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United States Court of Appeals

Tenth Circuit



August 27, 2014

Elisabeth A. Shumaker
Clerk of Court


Petitioner - Appellant,

No. 14-5015
(D.C. No. 4:10-CV-00797-CVE-FHM)
(N.D. Oklahoma)

Respondent - Appellee.


Before HARTZ, McKAY, and MATHESON, Circuit Judges.

Applicant Gregory Bushyhead was driving a truck in Tulsa, Oklahoma, when he

was involved in an intersection collision that killed the passenger in the other vehicle. He
was convicted of driving-under-the-influence (DUI) manslaughter and leaving the scene
of an accident. His direct appeal to the Oklahoma Court of Criminal Appeals (OCCA)
was unsuccessful, as was his later appeal to the OCCA of the trial courts denial of his
motion for postconviction relief. On December 14, 2010, he filed an application for
relief under 28 U.S.C. 2254 in the United States District Court for the Northern District
of Oklahoma. The district court denied relief and Applicant now seeks from us a

certificate of appealability (COA) to raise a number of challenges to his conviction.1 See

28 U.S.C. 2253(c)(1)(A) (requiring a COA to appeal denial of 2254 application). We
deny a COA and dismiss the appeal.


Standard of Review

A COA will issue only if the applicant has made a substantial showing of the
denial of a constitutional right. 28 U.S.C. 2253(c)(2). This standard requires a
demonstration that . . . includes showing that reasonable jurists could debate whether (or,
for that matter, agree that) the petition should have been resolved in a different manner or
that the issues presented were adequate to deserve encouragement to proceed further.
Slack v. McDaniel, 529 U.S. 473, 484 (2000) (internal quotation marks omitted). In other
words, the applicant must show that the district courts resolution of the constitutional
claim was either debatable or wrong. Id.
If the application was denied on procedural grounds, the applicant faces a double
hurdle. Not only must the applicant make a substantial showing of the denial of a
constitutional right, but he must also show that jurists of reason would find it debatable
whether the district court was correct in its procedural ruling. Id. Where a plain
procedural bar is present and the district court is correct to invoke it to dispose of the
case, a reasonable jurist could not conclude either that the district court erred in

Applicant raised two issues in district court that he does not pursue here: that he was
convicted under a different statute from what he was charged under and cumulative error.

dismissing the petition or that the petitioner should be allowed to proceed further. Id.
One procedural ground for denying a 2254 application is that the claim was
procedurally barred in state court. Claims that are defaulted in state court on adequate
and independent state procedural grounds will not be considered by a habeas court, unless
the petitioner can demonstrate cause and prejudice or a fundamental miscarriage of
justice. Smith v. Workman, 550 F.3d 1258, 1274 (10th Cir. 2008).
The Antiterrorism and Effective Death Penalty Act of 1996 (AEDPA) provides
that when a claim has been adjudicated on the merits in a state court, a federal court can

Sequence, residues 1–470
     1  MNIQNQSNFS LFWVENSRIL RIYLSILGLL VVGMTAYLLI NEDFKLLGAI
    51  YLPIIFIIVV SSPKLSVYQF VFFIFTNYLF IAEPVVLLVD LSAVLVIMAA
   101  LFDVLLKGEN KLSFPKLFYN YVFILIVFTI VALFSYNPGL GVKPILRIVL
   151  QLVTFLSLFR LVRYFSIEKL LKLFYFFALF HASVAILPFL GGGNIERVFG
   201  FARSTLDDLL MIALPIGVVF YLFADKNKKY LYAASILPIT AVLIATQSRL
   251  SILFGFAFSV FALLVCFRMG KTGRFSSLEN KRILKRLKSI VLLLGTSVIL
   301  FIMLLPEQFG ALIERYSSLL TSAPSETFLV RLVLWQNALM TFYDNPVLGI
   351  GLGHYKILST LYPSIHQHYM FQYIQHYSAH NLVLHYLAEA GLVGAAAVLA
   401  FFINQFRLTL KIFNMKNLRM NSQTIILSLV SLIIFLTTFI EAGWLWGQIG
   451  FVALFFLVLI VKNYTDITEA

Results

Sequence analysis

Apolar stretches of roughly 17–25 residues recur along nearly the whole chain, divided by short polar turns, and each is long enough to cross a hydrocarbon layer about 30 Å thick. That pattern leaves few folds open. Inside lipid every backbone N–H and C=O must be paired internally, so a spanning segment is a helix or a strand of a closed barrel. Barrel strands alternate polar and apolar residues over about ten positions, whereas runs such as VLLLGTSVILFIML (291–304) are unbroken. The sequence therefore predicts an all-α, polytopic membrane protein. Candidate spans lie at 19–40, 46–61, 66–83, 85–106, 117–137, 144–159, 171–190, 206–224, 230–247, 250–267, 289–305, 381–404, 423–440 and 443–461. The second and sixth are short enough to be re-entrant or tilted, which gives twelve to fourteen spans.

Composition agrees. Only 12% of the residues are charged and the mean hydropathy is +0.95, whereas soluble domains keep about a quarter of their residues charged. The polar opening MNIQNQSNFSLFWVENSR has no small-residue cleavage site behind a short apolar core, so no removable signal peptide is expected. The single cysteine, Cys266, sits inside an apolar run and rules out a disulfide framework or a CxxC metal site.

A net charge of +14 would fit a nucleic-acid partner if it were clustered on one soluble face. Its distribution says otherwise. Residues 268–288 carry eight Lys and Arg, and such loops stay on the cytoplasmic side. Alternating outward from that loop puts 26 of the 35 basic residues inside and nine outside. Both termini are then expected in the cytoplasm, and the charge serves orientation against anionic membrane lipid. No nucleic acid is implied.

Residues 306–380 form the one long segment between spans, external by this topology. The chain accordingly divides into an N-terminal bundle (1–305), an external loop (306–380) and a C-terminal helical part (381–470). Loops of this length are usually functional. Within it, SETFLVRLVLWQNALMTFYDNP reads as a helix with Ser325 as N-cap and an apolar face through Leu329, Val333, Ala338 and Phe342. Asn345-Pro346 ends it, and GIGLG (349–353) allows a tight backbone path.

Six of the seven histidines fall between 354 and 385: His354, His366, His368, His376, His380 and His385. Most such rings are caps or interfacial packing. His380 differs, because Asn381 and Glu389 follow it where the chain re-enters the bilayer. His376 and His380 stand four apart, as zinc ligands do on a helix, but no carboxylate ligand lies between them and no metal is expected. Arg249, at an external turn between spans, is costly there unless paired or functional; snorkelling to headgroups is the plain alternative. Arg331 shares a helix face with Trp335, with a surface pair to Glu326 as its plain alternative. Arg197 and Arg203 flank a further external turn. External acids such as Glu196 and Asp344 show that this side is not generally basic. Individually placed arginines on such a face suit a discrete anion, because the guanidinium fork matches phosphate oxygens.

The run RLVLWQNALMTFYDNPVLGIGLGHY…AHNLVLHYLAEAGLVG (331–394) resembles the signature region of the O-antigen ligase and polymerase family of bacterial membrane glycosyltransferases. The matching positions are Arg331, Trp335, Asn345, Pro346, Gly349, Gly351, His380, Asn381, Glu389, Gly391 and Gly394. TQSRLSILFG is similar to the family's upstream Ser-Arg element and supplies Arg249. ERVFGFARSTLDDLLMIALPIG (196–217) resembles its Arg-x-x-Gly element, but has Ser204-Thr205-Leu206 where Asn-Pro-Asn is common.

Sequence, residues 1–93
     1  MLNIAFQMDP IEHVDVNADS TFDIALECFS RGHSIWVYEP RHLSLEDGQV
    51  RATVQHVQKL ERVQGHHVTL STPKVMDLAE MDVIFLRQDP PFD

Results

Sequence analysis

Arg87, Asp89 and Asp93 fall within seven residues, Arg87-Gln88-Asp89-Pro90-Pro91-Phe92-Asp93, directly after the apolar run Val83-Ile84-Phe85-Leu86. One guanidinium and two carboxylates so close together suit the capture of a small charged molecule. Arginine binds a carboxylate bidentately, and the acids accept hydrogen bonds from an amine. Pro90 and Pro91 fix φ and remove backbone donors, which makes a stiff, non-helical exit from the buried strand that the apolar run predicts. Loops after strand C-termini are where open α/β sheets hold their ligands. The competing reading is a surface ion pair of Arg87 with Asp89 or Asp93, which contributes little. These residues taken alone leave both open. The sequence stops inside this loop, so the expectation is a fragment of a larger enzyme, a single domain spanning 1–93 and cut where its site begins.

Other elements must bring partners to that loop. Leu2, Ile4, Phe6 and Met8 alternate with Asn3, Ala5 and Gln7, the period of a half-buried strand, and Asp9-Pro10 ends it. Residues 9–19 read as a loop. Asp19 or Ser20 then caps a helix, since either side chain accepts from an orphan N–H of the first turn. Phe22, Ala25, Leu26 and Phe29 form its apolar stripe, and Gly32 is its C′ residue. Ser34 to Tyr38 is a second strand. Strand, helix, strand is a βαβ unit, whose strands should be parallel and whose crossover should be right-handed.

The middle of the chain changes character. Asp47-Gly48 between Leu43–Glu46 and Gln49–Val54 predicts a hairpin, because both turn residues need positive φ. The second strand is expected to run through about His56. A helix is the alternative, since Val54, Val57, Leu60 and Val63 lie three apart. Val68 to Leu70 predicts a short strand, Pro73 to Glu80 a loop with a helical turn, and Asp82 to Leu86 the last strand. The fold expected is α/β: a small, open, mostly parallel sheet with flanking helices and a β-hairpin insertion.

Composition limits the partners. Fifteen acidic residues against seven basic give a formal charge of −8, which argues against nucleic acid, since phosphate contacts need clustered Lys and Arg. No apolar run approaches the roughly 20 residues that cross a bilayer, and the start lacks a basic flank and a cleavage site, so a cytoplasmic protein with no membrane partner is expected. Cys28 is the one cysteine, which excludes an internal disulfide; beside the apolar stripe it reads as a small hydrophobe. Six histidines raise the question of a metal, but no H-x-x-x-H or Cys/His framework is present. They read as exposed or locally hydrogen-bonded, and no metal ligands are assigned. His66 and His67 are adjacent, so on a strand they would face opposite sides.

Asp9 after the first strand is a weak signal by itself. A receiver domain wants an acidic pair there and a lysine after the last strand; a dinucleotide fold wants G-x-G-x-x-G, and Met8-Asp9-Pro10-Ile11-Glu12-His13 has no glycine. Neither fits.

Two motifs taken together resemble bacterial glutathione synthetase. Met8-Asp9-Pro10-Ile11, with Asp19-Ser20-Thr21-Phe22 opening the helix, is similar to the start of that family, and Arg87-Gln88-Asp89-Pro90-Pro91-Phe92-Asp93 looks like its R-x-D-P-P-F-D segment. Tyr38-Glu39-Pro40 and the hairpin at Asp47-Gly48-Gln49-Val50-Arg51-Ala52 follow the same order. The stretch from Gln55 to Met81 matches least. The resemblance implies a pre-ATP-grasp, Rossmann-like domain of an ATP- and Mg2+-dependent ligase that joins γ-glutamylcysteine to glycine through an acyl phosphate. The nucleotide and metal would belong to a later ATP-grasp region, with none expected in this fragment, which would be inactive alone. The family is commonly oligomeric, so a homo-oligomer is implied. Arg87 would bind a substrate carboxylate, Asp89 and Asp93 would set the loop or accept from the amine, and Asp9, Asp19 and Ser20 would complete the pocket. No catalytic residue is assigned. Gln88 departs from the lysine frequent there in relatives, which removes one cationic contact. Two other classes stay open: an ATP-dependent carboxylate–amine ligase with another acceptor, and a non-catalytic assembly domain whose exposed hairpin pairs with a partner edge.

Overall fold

grant habeas relief only if the applicant establishes that the state-court decision was
contrary to, or involved an unreasonable application of, clearly established Federal law,
as determined by the Supreme Court of the United States, or was based on an
unreasonable determination of the facts in light of the evidence presented in the State
court proceeding. 28 U.S.C. 2254(d)(1), (2). As we have explained:
Under the contrary to clause, we grant relief only if the state court arrives
at a conclusion opposite to that reached by the Supreme Court on a question
of law or if the state court decides a case differently than the Court has on a
set of materially indistinguishable facts.
Gipson v. Jordan, 376 F.3d 1193, 1196 (10th Cir. 2004) (brackets and internal quotation
marks omitted). Relief is provided under the unreasonable application clause only if
the state court identifies the correct governing legal principle from the Supreme Courts
decisions but unreasonably applies that principle to the facts of the prisoners case. Id.
(brackets and internal quotation marks omitted). Thus, a federal court may not issue a

habeas writ simply because it concludes in its independent judgment that the relevant
state-court decision applied clearly established federal law erroneously or incorrectly.
See id. Rather, that application must have been unreasonable. Therefore, for those of
Defendants claims that the OCCA adjudicated on the merits, AEDPAs deferential
treatment of state court decisions must be incorporated into our consideration of [his]
request for [a] COA. Dockins v. Hines, 374 F.3d 935, 938 (10th Cir. 2004).

Grounds Raised on Direct Appeal with the OCCA

Two of Applicants claims were presented to and rejected by the OCCA on direct
We first address Applicants argument that the manslaughter instruction
incorrectly set forth the elements of driving while impaired (DWI), omitting the
requirement that he was driving with impaired ability. Aplt. Pet. at 10 (internal
quotation marks omitted). The OCCA rejected the claim, noting that a separate
instruction properly laid out the elements of DWI. No reasonable jurist could debate the
district courts determination that the OCCAs decision was not contrary to or an
unreasonable application of Supreme Court precedent. See United States v. Park, 421
U.S. 658, 674 (1975) ([A] single instruction to a jury may not be judged in artificial
isolation, but must be viewed in the context of the overall charge. (internal quotation
marks omitted)).
Applicants other argument that was raised on direct appeal is that he was denied
due process because the trial court refused to give his theory-of-defense instructions on

proximate cause. He argues that it was contested at trial whether he or the other driver
was responsible for the accident and that the jury should have been informed that even if
he was intoxicated, he still had to have caused the accident in order to be guilty of
manslaughter. The OCCA stated that a proximate-cause instruction was not supported by
the law or evidence. An instruction at trial required the jury to find that the death of a
human occurred as the direct result of an act or event which happened in the commission
of a misdemeanor. Bushyhead v. Wade, No. 10-CV-0797-CVE-FHM, 2014 WL
585355, at *7 (N. D. Okla. Feb. 13 2014). And another instruction stated that no
person may be convicted of manslaughter in the first degree unless both the fact of the
death of the person allegedly killed and the fact that his death was caused by the conduct